• 0<end of string> = PASS
      because the zero was at the end of the string


    That is the end of the complicated part of the main regex. So in English, it matches:
    • any 0,
    • either at the start of the string or preceded by a 1,
    • and at the end of the string or followed by up to three 0s.


    Visually, this part would match as follows:
    0001101001100000101101110100001110000010000

    Great, but that only matches the first of the sequences of up to 4 0s! This is where the super-concise other alternative comes in.

    Matching \G0

    The \G start of match assertion is the key here, and will take some explaining. This is a special check which is only true when the current matching position is at the start point of the match.

    The start point of the match is the point at which the current matching run starts ("well, duh" some might say). In practice, this means the points either at the very start of the whole process (when the start point of the match is the beginning of the string) and when starting again after a replacement (when the start point of the match is essentially the point after the replacement).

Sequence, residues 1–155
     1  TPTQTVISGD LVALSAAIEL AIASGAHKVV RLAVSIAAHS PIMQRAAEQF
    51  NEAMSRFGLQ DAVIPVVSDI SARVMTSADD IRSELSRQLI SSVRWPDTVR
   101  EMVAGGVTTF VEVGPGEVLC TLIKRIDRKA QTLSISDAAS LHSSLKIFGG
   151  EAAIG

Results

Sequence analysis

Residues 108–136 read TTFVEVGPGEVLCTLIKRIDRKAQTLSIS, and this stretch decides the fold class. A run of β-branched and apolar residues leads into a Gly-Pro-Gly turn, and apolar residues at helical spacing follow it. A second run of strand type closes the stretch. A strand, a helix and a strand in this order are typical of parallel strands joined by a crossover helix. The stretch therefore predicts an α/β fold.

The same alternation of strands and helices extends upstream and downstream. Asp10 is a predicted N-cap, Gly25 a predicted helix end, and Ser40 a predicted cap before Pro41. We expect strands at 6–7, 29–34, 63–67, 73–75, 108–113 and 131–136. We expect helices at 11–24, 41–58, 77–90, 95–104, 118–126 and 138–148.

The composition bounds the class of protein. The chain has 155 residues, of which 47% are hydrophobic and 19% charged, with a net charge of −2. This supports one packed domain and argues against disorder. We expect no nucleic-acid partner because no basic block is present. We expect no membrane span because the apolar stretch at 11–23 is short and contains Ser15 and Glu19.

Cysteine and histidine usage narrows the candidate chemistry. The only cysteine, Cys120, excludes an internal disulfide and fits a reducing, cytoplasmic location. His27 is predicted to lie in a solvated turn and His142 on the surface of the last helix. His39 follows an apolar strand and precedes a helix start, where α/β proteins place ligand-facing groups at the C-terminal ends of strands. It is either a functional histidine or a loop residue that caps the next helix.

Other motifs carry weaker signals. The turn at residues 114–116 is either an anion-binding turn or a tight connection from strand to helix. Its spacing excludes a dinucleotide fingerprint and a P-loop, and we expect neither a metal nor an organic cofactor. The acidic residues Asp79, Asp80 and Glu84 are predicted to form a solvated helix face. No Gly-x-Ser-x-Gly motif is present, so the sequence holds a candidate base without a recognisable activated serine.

So this part matches a 0 which is at the start of the subject string (aside: for the observant reader, this means the ^ alternative in the lookbehind for the other part is redundant!) or immediately following the point where matching starts again after a replacement (so, after matching the first 0 in a sequence).

    Again lets describe this visually. Given a subject string of ababcabab lets see what happens:
    • preg_replace('/\Gab/', '|$0', 'ababcabab') gives
      |ab|abcabab (replaced parts highlighted in green)
    • preg_replace('/ab/', '|$0', 'ababcabab') gives |ab|abc|ab|ab


    The difference above is caused by the \G which means that the letters ab could only be matched at a start point. After matching ab before the c, then the start point is before that letter c. The c does not match the regex and so it is skipped and the next character is examined, but now this is not at the match start point so \G fails.

    So back to \G0, it matches:
    • any 0,
    • start point of a match (i.e. following a replacement)


    Putting the pieces together

    Our full regex looks for:
    • any 0, that is
      • at the start of the string or preceded by a 1, and